Sarah - posted on 07/04/2011 ( 6 moms have responded )
At my kids' birthday parties and other get-togethers, I serve the same things I serve for special events with just the family. But I'm a bit uncertain whether I should provide things for the people who may not be of the same mind as I about eating healthfully. I don't feel I go at all overboard; but I do serve fresh fruit and veggies, rice crackers and organic cheese, and fruit juice, water, and milk instead of chips, cheese puffs, cookies and soda. At birthday parties we will have cake and ice-cream, which is all gluten-free (I have Celiac disease, and as long as I'm breastfeeding, my bf'd child is gluten free as well.) made with healthy alternatives to the less healthy ingredients. I usually use a naturally sweetened fruit topping on the cake instead of frosting, but will use frosting on occasion.
I'm planning my second son's third birthday party, and a friend recently confided in me that a few friends of ours grumble about having to take their kids to our events because there won't be anything "good" to eat. She says they feel like I'm trying to push my lifestyle on them and make them feel guilty for not eating better. That had never even crossed my mind! In all honesty, I don't like most junk foods. I got into healthy eating because fast food, processed foods, and sodas made me feel terrible, not because I think I'm some super mom! I'm not offended that they didn't come to me; I understand why that would be an awkward thing for them to bring up to me, (though I do wish I'd known how they felt so I could let them know I don't think poorly of them!) but I am at a loss. The kids always seem to really enjoy it, and I've never had a child complain because of the food served. In fact, one friend has twins that will jump out of their car and greet me with "Did you make carrots this time?!" :)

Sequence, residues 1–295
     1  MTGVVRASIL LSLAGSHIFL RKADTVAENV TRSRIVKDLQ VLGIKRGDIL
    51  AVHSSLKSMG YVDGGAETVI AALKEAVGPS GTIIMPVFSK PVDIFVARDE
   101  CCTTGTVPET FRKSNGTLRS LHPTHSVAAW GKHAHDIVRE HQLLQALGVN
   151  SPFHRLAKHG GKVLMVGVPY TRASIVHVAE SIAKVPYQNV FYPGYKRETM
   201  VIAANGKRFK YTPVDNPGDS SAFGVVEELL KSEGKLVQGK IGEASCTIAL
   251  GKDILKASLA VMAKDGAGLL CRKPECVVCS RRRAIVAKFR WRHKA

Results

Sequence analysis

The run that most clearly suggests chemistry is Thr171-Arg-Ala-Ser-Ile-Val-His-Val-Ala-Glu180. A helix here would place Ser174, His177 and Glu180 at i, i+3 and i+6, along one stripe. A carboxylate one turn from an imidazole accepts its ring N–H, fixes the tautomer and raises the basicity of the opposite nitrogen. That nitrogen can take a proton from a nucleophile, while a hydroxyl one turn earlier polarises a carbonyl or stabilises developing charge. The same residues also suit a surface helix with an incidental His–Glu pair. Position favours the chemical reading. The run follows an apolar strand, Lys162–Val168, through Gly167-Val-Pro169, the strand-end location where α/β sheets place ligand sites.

Should I be responsible for providing sodas and such for the people who don't enjoy the type of foods I'm serving? I did that for my eldest son's first birthday and was left with several bottles of soda and bags of chips that we ended up giving to a food pantry. I don't want to spend money on things that won't get used. Would it be rude to simply list a brief menu on the invitation along with a note that guests are welcome to bring dishes or beverages that would better suit their palate?